Returning Orientation Leaders (left to right) Jennie Lee, Shacorrah Crosby and Mike Puppos make a training video showing how the student ID process works.

Campus to welcome new students, families at Orientation and Registration

BGSU will begin welcoming its newest students to campus June 18 with the first day of Orientation and Registration, for transfer students. Close to 9,000 students and their families will arrive on campus over the next five weeks for their formal introduction to campus life. The experience is designed to provide incoming freshmen with the necessary tools and information for a smooth transition to college life, and to give families the resources and connections they will need.

Between June 19 and July 19, 16 two-day sessions will be held, each offering events and activities for students and parents separately and together.

Students will register for classes and meet with advisors to learn more about academic expectations and their departments and majors. During their stay here, they will also hear about opportunities for campus involvement and BGSU’s social life, and what it means to be part of the larger community.

Parents will receive information on such topics as financial aid, health services and their opportunities for involvement in the campus experience. Coffee and Connections is an informal get-together at which they can ask questions of faculty, staff and students, and share with one another.

“Though we organize and lead the program, it’s really a University initiative,” said Jodi Webb, associate dean of students. “We rely on so many people across campus to pull this off. This is a time when students and their families make positive connections with students, faculty and staff and begin to feel comfortable picturing themselves here. We’ve had great community support every year.”

Orientation leaders play key role

Incoming students will be guided through the program by their Orientation Leader, with whom they will continue to communicate throughout the first semester. The leaders do everything from guiding families to parking to leading discussions about how to be successful on campus. “They’re a huge part of our program,” Webb said.

“They are good ambassadors for the University,” she explained. “Every year we do a comprehensive evaluation at the end of Orientation and Registration, and students and their parents are always most positive about their interactions with the Orientation Leaders. We train them well, but information just has a different ring when you hear it from a student. They are often very reassuring to the parents.”

“It puts parents at ease a bit because they see us being successful and they think, ‘My child can be successful. People will be there to help them,’” said Aysen Ulupinar, a senior who is returning for a second year of being an Orientation Leader.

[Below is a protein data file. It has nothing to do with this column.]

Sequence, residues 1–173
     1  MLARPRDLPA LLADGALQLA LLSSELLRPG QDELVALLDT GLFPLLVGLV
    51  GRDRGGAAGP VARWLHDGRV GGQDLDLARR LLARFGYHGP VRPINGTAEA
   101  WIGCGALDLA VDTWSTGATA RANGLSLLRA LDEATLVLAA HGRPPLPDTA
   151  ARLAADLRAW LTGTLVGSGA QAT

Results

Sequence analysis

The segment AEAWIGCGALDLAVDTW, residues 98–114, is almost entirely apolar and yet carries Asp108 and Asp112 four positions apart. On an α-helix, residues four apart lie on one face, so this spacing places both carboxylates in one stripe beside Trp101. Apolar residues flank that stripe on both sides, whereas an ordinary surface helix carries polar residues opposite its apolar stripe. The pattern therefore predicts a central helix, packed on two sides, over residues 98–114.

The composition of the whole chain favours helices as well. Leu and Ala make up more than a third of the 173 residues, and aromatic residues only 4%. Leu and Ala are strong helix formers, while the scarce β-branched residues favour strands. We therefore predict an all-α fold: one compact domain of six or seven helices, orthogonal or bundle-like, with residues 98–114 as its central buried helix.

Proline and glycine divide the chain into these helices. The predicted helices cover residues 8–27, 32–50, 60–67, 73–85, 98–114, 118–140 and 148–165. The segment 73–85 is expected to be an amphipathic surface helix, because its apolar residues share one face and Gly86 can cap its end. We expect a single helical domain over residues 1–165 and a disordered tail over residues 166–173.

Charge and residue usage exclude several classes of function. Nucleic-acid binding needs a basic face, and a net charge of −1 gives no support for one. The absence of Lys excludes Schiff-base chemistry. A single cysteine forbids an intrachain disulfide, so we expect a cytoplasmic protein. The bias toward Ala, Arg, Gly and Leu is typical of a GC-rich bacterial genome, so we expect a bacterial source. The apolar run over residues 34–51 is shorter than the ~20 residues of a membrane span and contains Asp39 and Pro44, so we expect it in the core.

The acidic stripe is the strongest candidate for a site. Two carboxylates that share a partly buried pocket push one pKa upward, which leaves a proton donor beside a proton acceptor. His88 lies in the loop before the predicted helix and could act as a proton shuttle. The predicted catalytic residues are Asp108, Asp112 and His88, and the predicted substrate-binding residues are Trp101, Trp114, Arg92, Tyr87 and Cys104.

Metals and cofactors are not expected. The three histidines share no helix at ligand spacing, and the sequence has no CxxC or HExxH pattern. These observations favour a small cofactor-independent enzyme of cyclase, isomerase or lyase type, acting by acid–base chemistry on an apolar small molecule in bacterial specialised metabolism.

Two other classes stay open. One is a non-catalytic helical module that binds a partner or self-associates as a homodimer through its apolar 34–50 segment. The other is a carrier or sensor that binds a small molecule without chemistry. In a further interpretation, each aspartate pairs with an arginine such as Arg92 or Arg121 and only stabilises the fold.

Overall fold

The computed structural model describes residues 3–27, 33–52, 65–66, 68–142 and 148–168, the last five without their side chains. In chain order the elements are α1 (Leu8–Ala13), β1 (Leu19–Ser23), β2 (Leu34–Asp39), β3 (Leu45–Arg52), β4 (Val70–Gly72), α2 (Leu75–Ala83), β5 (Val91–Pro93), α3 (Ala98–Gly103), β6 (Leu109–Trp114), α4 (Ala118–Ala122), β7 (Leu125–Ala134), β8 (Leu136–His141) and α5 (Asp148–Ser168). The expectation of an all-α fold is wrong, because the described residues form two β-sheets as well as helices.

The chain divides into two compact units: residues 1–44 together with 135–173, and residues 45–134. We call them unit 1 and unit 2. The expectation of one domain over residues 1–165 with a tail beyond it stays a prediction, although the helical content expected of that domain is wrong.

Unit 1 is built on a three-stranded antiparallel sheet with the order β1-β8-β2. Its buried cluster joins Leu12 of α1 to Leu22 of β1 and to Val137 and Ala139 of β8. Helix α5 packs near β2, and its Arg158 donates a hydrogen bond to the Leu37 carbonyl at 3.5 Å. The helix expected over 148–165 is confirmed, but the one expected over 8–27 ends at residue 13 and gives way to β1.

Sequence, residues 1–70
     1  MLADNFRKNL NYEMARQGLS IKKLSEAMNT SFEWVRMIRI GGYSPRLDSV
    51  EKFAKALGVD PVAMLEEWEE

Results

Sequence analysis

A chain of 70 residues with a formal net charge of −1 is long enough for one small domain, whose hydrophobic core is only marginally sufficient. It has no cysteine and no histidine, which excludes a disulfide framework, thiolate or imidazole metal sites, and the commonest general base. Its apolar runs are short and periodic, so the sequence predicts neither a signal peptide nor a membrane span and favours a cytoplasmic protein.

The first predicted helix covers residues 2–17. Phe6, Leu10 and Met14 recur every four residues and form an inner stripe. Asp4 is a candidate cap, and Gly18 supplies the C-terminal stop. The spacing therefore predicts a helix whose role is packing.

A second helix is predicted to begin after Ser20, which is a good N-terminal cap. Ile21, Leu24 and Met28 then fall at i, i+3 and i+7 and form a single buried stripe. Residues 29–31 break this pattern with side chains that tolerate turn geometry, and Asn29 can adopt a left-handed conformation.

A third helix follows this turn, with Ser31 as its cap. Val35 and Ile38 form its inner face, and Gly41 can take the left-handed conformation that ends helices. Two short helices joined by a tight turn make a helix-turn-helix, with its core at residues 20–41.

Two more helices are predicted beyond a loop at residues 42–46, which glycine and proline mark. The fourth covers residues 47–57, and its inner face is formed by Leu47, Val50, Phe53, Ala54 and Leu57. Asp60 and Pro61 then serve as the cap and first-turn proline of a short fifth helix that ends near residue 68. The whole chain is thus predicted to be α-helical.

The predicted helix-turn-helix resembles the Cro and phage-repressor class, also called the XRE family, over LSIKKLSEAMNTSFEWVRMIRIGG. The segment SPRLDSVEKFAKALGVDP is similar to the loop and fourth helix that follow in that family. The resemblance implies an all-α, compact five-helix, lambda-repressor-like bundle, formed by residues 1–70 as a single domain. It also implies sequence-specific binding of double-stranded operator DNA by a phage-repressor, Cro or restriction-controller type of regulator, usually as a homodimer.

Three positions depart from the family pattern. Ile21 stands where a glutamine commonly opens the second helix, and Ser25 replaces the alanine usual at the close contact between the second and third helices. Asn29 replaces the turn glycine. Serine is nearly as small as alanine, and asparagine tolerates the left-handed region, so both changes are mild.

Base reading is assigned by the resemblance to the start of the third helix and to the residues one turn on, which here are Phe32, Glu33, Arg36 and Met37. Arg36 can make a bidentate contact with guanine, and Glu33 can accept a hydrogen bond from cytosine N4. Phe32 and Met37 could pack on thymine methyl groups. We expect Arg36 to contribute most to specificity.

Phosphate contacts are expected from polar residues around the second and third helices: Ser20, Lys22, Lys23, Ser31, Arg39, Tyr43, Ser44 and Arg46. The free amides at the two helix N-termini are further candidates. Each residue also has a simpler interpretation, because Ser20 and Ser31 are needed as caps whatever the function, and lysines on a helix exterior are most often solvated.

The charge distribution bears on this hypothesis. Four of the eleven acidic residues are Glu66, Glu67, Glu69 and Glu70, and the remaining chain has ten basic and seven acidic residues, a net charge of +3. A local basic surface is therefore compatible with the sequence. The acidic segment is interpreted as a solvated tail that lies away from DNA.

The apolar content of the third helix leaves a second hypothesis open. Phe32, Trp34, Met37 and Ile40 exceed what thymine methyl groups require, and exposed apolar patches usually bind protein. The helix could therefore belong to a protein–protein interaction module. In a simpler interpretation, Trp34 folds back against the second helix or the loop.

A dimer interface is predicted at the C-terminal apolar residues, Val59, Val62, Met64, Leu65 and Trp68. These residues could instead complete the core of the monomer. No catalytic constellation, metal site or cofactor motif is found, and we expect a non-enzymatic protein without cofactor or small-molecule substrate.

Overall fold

The diversity of the group is reassuring to students and families alike, concurred Marelya Mares, also a senior and a returning leader. “We’re all so different, and so they can see their child fitting in and being happy here.”

The 24 upperclassmen are carefully chosen in a competitive process from an average of 100 applicants. “It’s a highly sought-after student leader position on campus,” Webb said. “We really get the cream of the crop. They’re all very strong academically and they have very diverse interests, from academics to athletics. Many have been resident advisors or tour guides or the president of their sorority or fraternity. They bring a lot of their own campus experience to the program.”

“Aside from our involvement, our campus knowledge is really an important part of working with the students,” said Ulupinar. “If we don’t know the answer ourselves, we know where to find it, and we have each other to ask as well. Students can have confidence that information we give them is reliable.”

Of the 24 Orientation Leaders, up to six may be returnees, and during the weeklong training sessions before Orientation and Registration begins, “they provide insight and ideas as well as mentoring to the new Orientation Leaders,” Webb said. Being a leader last year was a peak experience, said Mares and Ulupinar. Both described it as the “best summer of my life.”

“It’s a chance to meet amazing people, like the faculty who lead the breakout sessions, and getting to know one another,” Mares said.

“It’s an opportunity for Orientation Leaders to tell parents and freshmen how awesome BG is every day,” Ulupinar said, adding jokingly, “and to wear orange every day.”

“It’s easy to tell them because of our own love for BG,” Mares added. “We don’t have to be like salesmen. It’s not fake; it’s how we really feel.”

The leaders work with the program again beginning with Fall Welcome, and stay in contact with their groups weekly through the semester. “They’re a familiar face to new students and a resource for asking questions, such as what should I bring for my residence hall room and what do you know about a particular class,” Webb said. “They send out weekly messages, such as reminders about upcoming dates and meeting with advisors, dealing with stress and test-taking tips, but a lot of it is informal communication with their group members. It’s a good way to extend the communication after the summer program ends.”

June 11, 2007